• Bloomberg Government is reporting an 8% increase in total contract spending in FY2016 from FY2015. [Bloomberg Government]

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Koprince Law LLC

Greetings from Oklahoma, where I am wrapping up a busy week of travel that has included speaking engagements both at the Iowa Vendor Conference and The Indian Country Business Summit.

While I’ve been on the road, it has also been a noteworthy week in government contracting news. This week, SmallGovCon Week In Review takes a look at stories about the year end spending frenzy, the Freedom of Information Act may undergo major changes, DoD is barely exceeding 50% when it comes to meaningful competitions, and much more.

  • The projected federal contract spending is on a decidedly upward slant with two issues affecting the year-end spending frenzy. [American City & County]
  • What impact will the outcome of the presidential election have on the government contracting landscape? [GovBizConnect]
  • Federal agencies could soon face a new governmentwide guidance on how they respond to Freedom of Information Act requests, following an upcoming meeting in September. [Federal news Radio]
  • The Office of Federal Procurement Policy has launched a dashboard to hold agencies accountable to meet the goals in the category management memos. [Federal News Radio]
  • With worry that only 56.5 percent of the DoD’s contracted dollars involved a meaningful competition between two or more vendors, they have issued a series of corrective actions to reverse a downward slide that has been ongoing for nearly a decade. [Federal News Radio]
  • Several speculative conclusions can be made based on fiscal 2015 government contracting data and, according to one commentator, the outlook is not positive. [Federal News Radio]
  • The FAR Council published the final rule regarding the Fair Pay and Safe Workplaces Executive Order, which imposes a host of new obligations on government contractors, including an obligation to report various labor law violations during the bid and proposal process. [The Hill]
  • A former MCC Construction Company officer and owner pleads guilty to conspiring to defraud the government. [The United States Department of Justice]

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Koprince Law LLC

It has been a busy week that kicked off with a total solar eclipse.  I was on an airline heading to San Diego for 2017 Department of the Navy Gold Coast Small Business Procurement Event, so I missed the spectacle.  I didn’t get to wear eclipse glasses, but was well worth it to be part of that great annual procurement conference.  My travels aren’t over: next week, I’m off to Norman, Oklahoma to speak at the annual Indian County Business Summit.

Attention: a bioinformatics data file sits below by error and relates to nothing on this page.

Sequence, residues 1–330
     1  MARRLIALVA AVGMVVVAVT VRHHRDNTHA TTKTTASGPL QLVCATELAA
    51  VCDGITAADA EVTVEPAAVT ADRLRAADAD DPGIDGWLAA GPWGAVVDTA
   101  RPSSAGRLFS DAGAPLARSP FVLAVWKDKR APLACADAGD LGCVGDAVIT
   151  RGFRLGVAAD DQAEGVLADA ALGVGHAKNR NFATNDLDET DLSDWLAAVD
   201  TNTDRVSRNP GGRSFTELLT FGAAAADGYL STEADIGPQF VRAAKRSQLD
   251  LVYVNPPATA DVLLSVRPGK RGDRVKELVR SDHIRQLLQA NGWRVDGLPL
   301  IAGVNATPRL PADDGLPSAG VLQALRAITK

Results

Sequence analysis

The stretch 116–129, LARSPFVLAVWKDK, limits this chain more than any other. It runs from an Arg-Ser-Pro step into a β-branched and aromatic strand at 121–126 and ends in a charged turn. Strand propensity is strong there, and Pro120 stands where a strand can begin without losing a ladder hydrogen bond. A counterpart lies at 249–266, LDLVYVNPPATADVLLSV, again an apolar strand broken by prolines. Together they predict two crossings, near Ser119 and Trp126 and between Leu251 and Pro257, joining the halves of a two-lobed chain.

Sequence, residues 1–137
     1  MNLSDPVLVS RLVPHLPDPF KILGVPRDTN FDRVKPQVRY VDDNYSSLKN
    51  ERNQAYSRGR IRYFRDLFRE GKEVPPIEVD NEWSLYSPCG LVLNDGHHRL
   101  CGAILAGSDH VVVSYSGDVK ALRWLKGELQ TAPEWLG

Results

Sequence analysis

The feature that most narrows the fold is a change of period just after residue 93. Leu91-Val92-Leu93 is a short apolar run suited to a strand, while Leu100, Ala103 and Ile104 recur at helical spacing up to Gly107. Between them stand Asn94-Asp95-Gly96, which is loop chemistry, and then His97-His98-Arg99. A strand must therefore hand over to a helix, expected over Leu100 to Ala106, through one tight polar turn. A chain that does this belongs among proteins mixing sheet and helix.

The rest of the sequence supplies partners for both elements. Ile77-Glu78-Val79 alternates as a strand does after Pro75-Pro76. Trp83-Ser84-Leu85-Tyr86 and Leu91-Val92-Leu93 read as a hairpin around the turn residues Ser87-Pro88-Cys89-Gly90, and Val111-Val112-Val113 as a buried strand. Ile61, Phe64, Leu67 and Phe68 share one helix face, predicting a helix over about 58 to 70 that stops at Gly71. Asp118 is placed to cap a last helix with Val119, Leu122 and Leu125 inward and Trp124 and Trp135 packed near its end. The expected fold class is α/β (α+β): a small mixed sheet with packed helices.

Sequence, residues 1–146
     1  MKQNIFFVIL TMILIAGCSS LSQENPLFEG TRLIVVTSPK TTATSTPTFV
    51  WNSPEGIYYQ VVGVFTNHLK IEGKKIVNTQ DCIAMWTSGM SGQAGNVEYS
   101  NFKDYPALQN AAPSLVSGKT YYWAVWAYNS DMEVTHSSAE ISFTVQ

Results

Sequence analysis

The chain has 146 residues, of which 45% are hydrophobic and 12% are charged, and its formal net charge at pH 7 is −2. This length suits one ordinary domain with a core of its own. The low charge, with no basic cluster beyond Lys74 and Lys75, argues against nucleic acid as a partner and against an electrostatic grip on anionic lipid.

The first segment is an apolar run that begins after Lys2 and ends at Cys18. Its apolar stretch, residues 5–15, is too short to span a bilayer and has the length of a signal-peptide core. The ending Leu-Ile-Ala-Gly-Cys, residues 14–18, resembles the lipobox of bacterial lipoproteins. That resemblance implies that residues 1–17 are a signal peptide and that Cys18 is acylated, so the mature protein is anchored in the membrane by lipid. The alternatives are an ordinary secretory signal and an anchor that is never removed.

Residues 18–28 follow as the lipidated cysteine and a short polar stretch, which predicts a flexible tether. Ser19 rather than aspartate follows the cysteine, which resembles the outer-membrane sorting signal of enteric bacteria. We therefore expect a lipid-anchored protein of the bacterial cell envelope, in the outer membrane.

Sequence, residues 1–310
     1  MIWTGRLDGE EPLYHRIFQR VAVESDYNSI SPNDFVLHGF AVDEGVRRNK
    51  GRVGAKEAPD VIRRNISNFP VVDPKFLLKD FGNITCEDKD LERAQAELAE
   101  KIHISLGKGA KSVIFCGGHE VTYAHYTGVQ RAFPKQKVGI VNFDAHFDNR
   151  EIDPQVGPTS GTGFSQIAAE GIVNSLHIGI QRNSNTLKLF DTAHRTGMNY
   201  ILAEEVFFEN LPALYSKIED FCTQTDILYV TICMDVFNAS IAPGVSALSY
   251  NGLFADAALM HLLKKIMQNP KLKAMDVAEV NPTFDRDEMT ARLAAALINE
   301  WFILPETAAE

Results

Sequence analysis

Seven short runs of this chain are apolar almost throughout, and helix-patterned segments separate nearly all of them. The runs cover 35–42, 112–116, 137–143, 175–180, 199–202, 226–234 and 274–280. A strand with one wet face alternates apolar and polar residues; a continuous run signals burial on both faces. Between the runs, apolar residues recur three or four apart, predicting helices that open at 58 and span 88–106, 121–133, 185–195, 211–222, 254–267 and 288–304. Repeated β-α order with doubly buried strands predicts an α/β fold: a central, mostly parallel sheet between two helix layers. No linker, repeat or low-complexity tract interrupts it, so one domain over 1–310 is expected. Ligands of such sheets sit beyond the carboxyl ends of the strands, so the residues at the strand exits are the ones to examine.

While travel has me occasionally wondering which day of the week it is, I haven’t forgotten that it is time for your weekly dose of SmallGovCon Week In Review. This edition includes a tale of Davis-Bacon Act violations, a no-bid contract is now coming under fire (and protests), a new list of the top federal contractors has hit the shelves and much more.

  • DHS’s migration to a unified workforce training and performance management system has been dubbed a “textbook definition of waste.” [Federal News Radio]
  • Workers were kept in the dark about compensation they were owed under the Davis-Bacon Act after performing jobs involving hazardous material that resulted in them making $9.63 less per hour than required by the law. [NBC News]
  • Alliant 2 remains on schedule for award prior to winter of 2017; with GSA asking bidders to extend their offers through December 31. [Federal News Radio]
  • A bid protest has been filed against the VA for allegedly awarding Cerner a contract for its new EHR without conducting a competitive bidding process. [Healthcare IT News]
  • A recent report from the Office of Management and Budget on the DATA Act’s two-part Section 5 pilot, which covers federal grants and federal contracts, recommends three steps to help expedite the process. [Federal News Radio]
  • The 6th annual BGOV200 study was released this week, ranking the top 200 federal government contractors by value of prime, unclassified contracts awarded by U.S. government agencies in FY 2016. [Bloomberg Government]
  • National Defense Magazine takes a look at the importance of a written code of business ethics and conduct, which will help demonstrate a company’s intent to operate as a presently responsible contractor and help bolster ones reputation. [National Defense]

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Koprince Law LLC

With the Olympics coming to a close this Sunday, we can look forward to getting back to our usual sleeping patterns without the lure of athletes seeking gold in Rio. So while preparations are ongoing for the closing ceremony and the eventual torch hand off to Tokyo, we continue to work to bring you the top government contracting news and notes for the week.

In this week’s SmallGovCon Week in Review, a businessman will serve prison time after stealing a veteran’s identity and using it to obtain SDVOSB contracts, the first protest of the Alliant 2 solicitation has been filed, faulty military helmets manufactured at a Texas prison under a government contract have been recalled, and much more.